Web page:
Apparently someone had plenty of time to try to login, and was not deterred by repeated login failure. That set me on a course to find a solution that was simple, effective and enough of a barrier to the attacker that they would move on out of frustration, or simply be denied enough that they would find easier targets.
That search led me to find DenyHosts, a simple and elegant solution that works with a minimal configuration effort and is small, quick and clean. The ease of installation and operation make this an effective solution to annoying SSH attackers, and one that you should consider if you are using SSH services.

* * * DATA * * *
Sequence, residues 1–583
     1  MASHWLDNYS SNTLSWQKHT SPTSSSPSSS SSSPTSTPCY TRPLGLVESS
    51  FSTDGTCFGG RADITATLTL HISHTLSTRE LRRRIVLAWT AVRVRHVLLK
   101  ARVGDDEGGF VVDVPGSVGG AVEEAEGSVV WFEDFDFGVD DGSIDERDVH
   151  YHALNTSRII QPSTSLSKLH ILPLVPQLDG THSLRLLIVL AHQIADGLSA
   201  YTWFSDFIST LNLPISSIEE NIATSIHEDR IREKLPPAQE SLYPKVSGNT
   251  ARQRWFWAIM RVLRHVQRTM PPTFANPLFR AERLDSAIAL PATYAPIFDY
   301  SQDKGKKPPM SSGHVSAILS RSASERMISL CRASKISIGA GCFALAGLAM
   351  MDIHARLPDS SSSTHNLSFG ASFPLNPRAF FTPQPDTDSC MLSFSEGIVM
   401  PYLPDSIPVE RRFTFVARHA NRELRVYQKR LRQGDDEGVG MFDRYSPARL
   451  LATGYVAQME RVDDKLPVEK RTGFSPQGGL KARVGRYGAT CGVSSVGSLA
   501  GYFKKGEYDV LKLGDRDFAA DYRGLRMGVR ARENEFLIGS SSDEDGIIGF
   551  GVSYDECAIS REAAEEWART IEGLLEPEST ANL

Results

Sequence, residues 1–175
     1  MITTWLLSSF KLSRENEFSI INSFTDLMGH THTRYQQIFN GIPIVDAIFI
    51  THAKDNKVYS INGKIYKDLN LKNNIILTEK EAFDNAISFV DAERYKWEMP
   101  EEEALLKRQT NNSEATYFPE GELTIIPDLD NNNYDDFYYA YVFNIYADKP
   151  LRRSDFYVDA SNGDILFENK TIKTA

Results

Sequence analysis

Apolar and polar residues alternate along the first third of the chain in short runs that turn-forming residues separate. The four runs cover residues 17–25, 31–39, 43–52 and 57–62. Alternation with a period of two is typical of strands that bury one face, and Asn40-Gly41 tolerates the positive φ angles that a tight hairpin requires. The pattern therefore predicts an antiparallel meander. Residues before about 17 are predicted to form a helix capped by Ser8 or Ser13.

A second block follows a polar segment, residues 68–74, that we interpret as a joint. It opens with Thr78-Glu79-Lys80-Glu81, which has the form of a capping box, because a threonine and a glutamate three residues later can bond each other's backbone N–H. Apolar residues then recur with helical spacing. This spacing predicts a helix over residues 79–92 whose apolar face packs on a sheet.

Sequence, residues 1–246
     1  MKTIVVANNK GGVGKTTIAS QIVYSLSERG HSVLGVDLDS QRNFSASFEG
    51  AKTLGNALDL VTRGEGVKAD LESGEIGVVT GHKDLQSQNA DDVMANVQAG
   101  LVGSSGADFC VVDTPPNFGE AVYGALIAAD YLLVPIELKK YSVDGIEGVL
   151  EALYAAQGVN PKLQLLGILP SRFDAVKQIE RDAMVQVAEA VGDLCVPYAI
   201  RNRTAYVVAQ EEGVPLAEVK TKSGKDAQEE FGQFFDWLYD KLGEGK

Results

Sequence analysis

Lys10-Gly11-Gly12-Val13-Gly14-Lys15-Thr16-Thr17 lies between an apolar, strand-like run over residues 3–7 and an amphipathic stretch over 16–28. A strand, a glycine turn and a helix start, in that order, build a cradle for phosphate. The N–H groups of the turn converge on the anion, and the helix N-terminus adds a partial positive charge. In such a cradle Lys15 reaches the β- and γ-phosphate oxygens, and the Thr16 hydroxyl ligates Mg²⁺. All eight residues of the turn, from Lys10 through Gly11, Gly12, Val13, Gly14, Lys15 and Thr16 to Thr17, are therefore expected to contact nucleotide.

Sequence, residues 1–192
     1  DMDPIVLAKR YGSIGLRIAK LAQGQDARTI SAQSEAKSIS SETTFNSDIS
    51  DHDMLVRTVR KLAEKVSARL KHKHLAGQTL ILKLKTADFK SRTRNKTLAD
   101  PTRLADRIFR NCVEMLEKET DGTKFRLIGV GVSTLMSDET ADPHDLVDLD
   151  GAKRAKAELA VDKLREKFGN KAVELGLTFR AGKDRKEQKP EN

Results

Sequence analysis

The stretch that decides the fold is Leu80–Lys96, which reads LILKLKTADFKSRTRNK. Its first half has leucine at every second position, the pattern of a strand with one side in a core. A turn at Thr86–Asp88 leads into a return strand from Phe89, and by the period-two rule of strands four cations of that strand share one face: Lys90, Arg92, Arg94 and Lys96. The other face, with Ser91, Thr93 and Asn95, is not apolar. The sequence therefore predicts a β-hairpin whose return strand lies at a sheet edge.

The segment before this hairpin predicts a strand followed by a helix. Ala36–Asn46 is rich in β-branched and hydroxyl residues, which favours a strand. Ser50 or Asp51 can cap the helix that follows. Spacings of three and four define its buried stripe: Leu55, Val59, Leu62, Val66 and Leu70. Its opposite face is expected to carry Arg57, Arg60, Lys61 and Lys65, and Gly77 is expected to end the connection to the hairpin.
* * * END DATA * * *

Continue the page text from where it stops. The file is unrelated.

DenyHosts then processes the sshd server log (typically, this is /var/log/secure, /var/log/auth.log, etc) and determines which hosts have unsuccessfully attempted to gain access to the ssh server. Additionally, it notes the user and whether or not that user is valid (eg. has a system account) or invalid (eg. does not have a system account).
When DenyHosts determines that a given host has attempted a configurable number of attempts (this is known as the deny_threshold), DenyHosts will add that host to the /etc/hosts.deny file. This will prevent that host from contacting your sshd server again.
Also, DenyHosts will note any successful logins that occurred by a host that has exceeded the deny_threshold. These are known as suspicious logins and should be investigated further by the system admin.